MAG&M Collection Stories:

Surf-o-Planes from the 1930s and 50s

The Surf-o-Plane was an ingenious Sydney invention, patented by Dr Earnest Smithers of Bronte in 1933.

The inflatable rubber mats soon became mass-produced, and were hugely popular on Sydney beaches such as Manly and Bondi where they were hired out by the half-hour. Over the summer of 1938-39 Manly Surf Life Saving Club reported 261 rescues, half of these rescues were of surfers ‘carried out on or swept off rubber floats’.

By the 1950s, the Surf-o-Planes and various adaptions were ubiquitous on Sydney beaches, and remained popular well into the 1970s. Without any kind of fin, the Surf-O-Plane lacked manoeuvrability, but they became the forerunner of the surf mat and bodyboards of various types. With the advent of rubber flippers, Surf-O-Planes could take on bigger waves and greater thrills. For many Sydneysiders, the Surf-o-Planes and their descendent craft were, and still are, the first experience of the excitement of wave riding.

Stephen Lees’ whimsical gouache painting ‘The Bodysurfers’ is one in a series of six paintings he created exploring his vivid childhood memories of visiting family at Manly during summer. His images depict the artist’s early ventures around Manly surfing, playing on the boardwalk and harbourside pool, and enjoying the rides at Manly Fun Pier.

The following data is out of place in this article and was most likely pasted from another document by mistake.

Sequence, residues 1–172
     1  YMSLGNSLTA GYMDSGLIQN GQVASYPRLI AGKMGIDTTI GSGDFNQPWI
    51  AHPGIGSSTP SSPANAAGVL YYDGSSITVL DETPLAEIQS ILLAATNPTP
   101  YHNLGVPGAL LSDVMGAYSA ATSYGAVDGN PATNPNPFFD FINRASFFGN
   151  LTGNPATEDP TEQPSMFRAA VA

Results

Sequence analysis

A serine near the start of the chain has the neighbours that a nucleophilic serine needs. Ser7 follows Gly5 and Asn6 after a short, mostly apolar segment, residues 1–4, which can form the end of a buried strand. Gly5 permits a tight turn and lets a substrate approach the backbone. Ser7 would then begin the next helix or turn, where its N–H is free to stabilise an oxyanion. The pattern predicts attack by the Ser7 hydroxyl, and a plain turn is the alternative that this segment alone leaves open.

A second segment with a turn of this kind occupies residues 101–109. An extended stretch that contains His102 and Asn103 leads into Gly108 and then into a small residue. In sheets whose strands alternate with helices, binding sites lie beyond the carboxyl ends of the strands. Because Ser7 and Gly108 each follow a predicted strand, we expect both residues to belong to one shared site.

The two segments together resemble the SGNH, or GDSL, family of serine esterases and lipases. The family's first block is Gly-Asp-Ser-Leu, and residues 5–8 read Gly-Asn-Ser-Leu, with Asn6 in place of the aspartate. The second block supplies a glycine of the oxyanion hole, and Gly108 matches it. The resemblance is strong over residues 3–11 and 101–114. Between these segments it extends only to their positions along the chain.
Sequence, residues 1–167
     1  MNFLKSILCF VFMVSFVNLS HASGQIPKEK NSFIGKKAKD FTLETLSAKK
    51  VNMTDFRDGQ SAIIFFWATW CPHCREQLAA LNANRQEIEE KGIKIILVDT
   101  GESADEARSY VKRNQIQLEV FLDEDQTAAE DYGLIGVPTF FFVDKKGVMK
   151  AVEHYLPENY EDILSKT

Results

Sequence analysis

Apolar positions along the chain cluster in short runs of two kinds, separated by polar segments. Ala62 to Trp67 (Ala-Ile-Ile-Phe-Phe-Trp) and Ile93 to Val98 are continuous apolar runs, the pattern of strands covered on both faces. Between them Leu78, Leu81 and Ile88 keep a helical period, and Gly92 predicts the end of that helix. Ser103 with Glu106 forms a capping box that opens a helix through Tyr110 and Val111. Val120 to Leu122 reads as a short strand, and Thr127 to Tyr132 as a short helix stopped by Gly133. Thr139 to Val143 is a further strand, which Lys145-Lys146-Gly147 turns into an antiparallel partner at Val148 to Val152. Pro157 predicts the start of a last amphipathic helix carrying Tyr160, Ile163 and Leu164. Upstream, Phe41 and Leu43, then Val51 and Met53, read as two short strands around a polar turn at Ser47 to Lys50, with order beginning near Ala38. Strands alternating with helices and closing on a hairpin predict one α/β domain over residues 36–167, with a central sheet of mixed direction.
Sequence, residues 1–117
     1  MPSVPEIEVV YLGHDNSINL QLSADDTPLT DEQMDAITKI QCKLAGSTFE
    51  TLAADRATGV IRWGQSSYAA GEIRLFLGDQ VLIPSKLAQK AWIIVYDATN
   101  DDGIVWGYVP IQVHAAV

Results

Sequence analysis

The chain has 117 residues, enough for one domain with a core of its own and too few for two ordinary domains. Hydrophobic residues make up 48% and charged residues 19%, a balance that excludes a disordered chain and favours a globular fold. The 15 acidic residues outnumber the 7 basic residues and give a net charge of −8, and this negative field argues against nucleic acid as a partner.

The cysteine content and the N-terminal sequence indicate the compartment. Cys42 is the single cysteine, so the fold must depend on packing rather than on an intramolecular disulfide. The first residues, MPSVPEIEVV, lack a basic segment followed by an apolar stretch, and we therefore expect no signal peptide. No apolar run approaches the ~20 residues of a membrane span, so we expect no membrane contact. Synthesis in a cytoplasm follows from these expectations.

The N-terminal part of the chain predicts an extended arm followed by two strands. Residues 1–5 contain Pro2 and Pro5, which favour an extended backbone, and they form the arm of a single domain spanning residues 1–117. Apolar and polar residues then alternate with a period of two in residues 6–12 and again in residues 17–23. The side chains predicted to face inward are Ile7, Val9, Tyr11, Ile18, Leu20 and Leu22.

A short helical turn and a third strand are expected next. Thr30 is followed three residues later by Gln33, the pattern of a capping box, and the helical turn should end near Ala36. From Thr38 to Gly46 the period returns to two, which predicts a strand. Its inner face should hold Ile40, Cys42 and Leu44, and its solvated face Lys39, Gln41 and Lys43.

1. Stephen Lees (b.1954), Manly Series, #2 The Bodysurfers, 2007, gouache and watercolour on wood panel,  40 x 50cm. Purchased 2008 (A1071)
  2. Surf-o-plane, c.1960, rubber. Gift of Patricia Cook 1996 (M1053)
  3. Flippers, c1960s, rubber (MO995)
  4. Wetsuit, c.1960s, Super Calypso (MO187)
  5. Stephen Lees (b.1954), Manly Series, #7 Sea level, 2007, gouache and watercolour on wood panel, 40 x 50cm. Purchased 2008 (A1070)